Building Roots: How Steven Beijer Stays Grounded Through Photography
By Brogues - 9 min read
The serial traveler told us how he settled with his camera
Since uprooting from the Netherlands as a baby, the concept of “home” has played a consistently inconsistent role in Steven Beijer‘s life. Now in his sixth country (and counting), Steven’s nomadic lifestyle has so far seen him singing in Haarlem, DJing in Athens and working in a London record store – steadily nurturing his love of photography along the way.
Now based in Barcelona, Steven hosted the latest Instagram takeover on @eyeemphoto. We chatted to the longtime community member about his standout travel destinations, thoughts on mobile versus DSLR, and use of photography as a source of comfort and control while in a state of flux.
Hey Steven – thanks so much for your beautifully curated takeover! The photos you shared over the three days had a very coherent look and feel. How did you go about selecting them?
Thanks, it was such a pleasure! I think one main reason for the coherency is that I decided to use only mobile images (all taken on an iPhone). I also chose my personal favorites.
“Photography lets me slow down time”
In your first post, you mentioned that travel has always played a significant role in your life. How would you say this has informed the way you see the world, and in turn, your photography?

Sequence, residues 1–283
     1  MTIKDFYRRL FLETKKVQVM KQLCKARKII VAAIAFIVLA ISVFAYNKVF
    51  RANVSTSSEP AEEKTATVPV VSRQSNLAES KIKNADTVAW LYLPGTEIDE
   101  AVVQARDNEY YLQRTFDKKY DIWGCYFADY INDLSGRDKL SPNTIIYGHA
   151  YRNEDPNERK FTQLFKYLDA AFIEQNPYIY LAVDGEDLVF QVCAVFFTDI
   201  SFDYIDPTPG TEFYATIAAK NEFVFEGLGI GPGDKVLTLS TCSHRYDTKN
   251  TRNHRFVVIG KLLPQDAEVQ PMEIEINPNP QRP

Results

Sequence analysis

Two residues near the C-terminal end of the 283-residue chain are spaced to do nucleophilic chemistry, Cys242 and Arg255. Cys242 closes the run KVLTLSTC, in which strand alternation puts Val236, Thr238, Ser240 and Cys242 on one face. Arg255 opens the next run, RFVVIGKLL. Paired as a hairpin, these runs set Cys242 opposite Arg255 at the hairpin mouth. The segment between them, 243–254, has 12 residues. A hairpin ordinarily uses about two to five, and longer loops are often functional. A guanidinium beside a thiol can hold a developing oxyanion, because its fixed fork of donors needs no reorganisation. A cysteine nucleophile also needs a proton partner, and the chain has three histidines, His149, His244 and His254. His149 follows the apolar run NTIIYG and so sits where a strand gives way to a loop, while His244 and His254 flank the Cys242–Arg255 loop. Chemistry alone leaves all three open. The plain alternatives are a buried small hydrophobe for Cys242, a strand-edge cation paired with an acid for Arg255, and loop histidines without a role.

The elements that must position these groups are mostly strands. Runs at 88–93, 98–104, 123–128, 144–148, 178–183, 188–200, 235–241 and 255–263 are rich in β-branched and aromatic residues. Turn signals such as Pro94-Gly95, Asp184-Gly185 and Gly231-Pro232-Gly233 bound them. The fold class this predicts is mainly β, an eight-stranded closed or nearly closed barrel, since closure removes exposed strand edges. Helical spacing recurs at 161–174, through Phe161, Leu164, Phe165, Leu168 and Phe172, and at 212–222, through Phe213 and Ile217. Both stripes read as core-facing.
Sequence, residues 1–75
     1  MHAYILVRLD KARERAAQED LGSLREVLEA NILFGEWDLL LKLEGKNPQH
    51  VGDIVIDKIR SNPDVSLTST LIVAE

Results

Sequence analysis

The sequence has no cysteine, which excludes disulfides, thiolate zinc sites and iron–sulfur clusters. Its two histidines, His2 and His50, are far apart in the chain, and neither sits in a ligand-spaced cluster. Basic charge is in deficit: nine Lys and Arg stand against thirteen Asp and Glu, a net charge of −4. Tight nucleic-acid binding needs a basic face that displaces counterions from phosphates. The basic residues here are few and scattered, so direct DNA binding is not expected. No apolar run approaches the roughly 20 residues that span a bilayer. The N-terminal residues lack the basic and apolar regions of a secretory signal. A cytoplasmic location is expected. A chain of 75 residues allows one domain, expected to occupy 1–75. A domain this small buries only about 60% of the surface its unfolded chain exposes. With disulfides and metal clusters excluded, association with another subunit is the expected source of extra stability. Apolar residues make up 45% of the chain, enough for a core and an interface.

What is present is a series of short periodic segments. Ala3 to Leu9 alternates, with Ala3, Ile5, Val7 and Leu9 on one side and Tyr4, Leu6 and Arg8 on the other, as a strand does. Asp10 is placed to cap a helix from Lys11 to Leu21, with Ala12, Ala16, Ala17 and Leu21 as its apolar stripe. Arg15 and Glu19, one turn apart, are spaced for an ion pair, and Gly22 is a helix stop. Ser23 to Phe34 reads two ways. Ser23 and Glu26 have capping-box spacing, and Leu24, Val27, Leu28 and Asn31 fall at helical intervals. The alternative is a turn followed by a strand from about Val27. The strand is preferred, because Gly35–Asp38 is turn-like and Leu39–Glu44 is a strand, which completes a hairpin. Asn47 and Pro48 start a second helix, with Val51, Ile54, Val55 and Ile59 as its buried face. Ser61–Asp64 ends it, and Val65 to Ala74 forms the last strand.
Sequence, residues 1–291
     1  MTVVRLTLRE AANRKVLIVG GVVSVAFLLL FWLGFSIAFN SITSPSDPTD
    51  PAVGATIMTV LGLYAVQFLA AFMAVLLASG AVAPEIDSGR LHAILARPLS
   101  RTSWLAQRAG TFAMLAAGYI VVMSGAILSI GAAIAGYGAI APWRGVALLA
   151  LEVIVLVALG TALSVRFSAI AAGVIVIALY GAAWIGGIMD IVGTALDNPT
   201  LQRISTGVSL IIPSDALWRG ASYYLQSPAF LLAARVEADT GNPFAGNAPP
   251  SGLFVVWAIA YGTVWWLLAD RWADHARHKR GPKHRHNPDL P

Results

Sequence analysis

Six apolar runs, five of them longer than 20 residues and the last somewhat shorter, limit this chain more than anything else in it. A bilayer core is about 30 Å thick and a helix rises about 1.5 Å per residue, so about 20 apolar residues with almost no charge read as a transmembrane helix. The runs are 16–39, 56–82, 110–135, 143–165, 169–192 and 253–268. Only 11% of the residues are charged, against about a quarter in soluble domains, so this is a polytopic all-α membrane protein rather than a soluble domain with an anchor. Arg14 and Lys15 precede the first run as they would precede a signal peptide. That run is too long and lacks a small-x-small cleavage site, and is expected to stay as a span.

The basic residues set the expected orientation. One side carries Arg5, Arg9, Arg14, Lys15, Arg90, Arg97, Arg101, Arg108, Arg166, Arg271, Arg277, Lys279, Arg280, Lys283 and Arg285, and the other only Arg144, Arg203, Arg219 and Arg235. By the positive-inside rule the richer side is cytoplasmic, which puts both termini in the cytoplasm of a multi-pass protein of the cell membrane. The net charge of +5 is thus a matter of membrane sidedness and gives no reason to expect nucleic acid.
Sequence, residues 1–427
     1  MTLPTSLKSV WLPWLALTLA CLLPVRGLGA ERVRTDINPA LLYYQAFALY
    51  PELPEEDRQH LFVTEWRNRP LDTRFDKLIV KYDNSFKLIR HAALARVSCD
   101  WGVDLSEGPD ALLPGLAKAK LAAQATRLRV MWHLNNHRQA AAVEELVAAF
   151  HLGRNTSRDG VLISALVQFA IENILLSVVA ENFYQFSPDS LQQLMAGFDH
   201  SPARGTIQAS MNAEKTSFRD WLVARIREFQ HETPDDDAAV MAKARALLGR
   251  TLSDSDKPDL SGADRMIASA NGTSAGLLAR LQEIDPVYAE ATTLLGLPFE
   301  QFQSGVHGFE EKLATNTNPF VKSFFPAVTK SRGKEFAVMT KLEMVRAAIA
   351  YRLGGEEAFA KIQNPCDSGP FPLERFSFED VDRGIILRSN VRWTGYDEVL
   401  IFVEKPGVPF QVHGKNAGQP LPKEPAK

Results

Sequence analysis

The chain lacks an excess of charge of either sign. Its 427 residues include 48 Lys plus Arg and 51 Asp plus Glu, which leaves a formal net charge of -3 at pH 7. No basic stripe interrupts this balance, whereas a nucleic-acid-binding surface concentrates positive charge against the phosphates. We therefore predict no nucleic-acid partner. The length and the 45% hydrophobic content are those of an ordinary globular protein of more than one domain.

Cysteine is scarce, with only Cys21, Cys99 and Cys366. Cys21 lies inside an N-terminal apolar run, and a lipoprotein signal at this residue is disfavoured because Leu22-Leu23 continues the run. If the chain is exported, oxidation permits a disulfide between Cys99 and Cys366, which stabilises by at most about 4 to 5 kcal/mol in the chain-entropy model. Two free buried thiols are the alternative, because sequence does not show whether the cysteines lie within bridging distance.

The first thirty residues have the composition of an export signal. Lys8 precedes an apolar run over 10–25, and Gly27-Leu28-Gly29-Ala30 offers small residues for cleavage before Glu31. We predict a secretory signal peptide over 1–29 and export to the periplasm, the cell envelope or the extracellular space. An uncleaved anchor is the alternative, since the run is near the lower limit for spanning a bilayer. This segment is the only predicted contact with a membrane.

True. I was on my first plane, moving to a different continent, before I could even walk, and my parents continued this life for most of my childhood years. Being in different places was simply a given, so I adapted to it. As an adult, I continued this life. Currently living in my sixth country, I do quite enjoy having a base these days and can’t see myself moving anytime soon. Instead I’ve simply continued traveling as much as possible from my current base.
I often think about how all this travel and constant change (which is not always a very comforting thing) has affected my photography, and I feel like for me, photography is in many ways an attempt to stop things moving and changing. It’s a way of very briefly feeling in control of things.
Of the photogenic locations you’ve visited so far, has there been somewhere that’s particularly stood out? Where’s next on your bucket list?
Three places stand out in particular: Iceland, Japan and New York. I visited these places in the past few years (thereby ticking off most of the things on my previous bucket list). This has forced me to compile a second one (which, I guess, is the danger of actually doing things you’ve dreamed of).
I definitely want to return to Japan as soon as possible, and ideally travel around the entire country for more time. Most of Asia also remains unexplored for me, as does South America.
You’re currently based in Barcelona. What are some of the features that make it such fertile ground for photography?
Barcelona is a photographer’s dream with its small narrow streets and endless supply of light. It’s also full of people at all times, which makes it ideal for street photography.
I live in the heart of the Ciutat Vella (Old Town), where streets look exactly as they did hundreds of years ago. The light hits the narrow streets differently throughout the day and you never quite know what you’re going to get when you go outside. I’m also surrounded by mountains on one side and the sea on the other, so nature is never far away.